But it doesn't have twice the volume...

The surface of a sphere is calculated as A = 4𝛑r2. Earth's surface is 510e6 Km2, we want 1.02e9 Km2. That's r=9,009 Km (Earth is 6,371Km) and a volume of 3.06e12 Km3 or about 3X the volume of Earth.

Now we're cooking with gas. We have 2X the mass and 3X the volume so the planet's density is 66.7% that of earth or 3.67 g/cm3.

So, I've achieved part of your request. Without changing anything other than surface gravity, we have a lower-density planet capable of holding an Earth-like atmosphere in place.

How does this affect your geology?

  • Simply upsizing the Earth suggests a thicker mantle.
    1. Between a thicker mantle and higher gravity, I predict your overall volcanism to be lower and your mountain building to be less. You still have tectonic plates with fissures, but less of that warmth gets to the surface. I'm thinking smoother landscape.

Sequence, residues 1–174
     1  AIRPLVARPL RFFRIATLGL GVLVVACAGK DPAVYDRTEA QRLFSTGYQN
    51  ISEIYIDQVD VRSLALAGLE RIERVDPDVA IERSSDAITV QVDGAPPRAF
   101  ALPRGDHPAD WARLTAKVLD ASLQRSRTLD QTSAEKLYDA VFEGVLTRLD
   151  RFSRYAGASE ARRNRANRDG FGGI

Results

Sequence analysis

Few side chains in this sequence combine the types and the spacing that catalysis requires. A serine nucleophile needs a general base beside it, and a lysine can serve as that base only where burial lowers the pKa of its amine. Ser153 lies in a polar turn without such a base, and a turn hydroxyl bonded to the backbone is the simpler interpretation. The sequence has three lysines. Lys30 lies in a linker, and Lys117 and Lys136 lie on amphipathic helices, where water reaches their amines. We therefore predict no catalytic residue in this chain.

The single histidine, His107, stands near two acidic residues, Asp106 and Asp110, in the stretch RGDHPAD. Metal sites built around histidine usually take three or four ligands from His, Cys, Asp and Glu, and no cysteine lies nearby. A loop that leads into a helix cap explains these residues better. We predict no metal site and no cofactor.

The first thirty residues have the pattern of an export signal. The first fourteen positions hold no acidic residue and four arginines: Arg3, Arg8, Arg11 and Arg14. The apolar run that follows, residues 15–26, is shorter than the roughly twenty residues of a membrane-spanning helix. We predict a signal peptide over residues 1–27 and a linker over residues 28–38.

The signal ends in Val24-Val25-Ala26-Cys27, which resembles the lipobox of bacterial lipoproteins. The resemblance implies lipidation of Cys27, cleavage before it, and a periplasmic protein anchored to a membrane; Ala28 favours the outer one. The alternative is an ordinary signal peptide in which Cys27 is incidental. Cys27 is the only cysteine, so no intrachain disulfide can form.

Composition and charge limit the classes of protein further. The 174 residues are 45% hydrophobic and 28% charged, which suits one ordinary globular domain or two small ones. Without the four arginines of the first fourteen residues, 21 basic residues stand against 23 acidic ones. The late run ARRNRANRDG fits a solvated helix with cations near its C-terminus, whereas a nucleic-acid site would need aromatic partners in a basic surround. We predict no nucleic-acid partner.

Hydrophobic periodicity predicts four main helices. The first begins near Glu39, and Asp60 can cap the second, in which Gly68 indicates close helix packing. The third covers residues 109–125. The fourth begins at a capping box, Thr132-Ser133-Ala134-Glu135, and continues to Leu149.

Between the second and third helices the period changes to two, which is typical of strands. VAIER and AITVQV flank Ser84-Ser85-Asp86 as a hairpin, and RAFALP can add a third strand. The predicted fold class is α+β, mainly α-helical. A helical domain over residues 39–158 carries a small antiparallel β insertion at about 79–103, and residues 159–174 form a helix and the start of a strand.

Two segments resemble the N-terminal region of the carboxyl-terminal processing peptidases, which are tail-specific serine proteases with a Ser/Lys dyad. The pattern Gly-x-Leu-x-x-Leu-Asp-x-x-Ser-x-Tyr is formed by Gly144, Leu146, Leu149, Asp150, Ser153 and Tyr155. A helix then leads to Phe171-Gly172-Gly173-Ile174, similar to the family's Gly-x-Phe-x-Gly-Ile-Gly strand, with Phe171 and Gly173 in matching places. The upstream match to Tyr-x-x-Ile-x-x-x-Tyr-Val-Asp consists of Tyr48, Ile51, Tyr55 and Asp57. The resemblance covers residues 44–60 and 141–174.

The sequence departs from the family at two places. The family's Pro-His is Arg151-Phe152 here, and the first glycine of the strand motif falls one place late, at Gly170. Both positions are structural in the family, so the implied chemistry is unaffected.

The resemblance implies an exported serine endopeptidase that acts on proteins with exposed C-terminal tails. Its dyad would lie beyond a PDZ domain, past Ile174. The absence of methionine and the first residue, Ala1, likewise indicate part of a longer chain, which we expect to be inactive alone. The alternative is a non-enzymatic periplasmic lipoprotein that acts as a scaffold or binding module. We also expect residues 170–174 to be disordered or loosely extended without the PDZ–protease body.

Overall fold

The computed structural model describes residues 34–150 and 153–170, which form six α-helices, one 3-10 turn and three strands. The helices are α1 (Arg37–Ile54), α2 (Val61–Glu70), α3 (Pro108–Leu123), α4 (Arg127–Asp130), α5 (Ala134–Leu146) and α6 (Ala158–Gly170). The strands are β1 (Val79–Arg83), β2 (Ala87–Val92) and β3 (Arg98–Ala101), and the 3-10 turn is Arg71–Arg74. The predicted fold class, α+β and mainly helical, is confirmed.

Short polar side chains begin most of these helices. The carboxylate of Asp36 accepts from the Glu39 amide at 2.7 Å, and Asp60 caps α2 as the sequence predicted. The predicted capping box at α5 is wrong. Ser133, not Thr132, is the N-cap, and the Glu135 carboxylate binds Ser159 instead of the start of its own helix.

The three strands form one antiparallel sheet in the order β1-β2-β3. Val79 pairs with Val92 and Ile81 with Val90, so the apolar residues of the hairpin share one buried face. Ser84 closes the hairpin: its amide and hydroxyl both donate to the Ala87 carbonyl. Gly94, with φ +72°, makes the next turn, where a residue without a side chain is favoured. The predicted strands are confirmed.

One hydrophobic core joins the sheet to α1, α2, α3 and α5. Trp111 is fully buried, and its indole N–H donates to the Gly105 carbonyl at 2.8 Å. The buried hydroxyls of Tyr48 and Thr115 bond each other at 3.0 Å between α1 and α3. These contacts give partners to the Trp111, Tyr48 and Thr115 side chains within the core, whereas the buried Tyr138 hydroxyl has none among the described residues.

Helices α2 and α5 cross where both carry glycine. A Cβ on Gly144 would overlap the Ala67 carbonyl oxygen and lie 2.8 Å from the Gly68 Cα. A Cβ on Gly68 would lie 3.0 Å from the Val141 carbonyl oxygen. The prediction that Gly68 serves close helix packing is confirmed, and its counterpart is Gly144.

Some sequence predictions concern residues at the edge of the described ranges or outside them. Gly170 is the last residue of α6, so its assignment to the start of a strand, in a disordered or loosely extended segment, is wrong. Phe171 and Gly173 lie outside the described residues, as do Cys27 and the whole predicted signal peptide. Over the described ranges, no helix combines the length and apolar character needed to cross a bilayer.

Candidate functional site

2. However, if we assume the same mantle thickness as Earth, the higher gravity would produce a greater tendency to shatter, meaning far more fissures and faults. Perhaps less tectonic mountain building, but potentially much more volcanic mountain building.
  • A lower density means less mass-per-square-meter to do anything with. Just because you have a larger core (whether case #1 or #2 above) doesn't mean that mass is available to punch holes through the mantle or move plates around. Just as deep sea currents tend to be independent of surface sea currents, a deeper core will not translate to anything at the surface. Therefore, the physically larger core will ultimately have a lower effect on surface geology. I predict far fewer tectonic-based mountain building.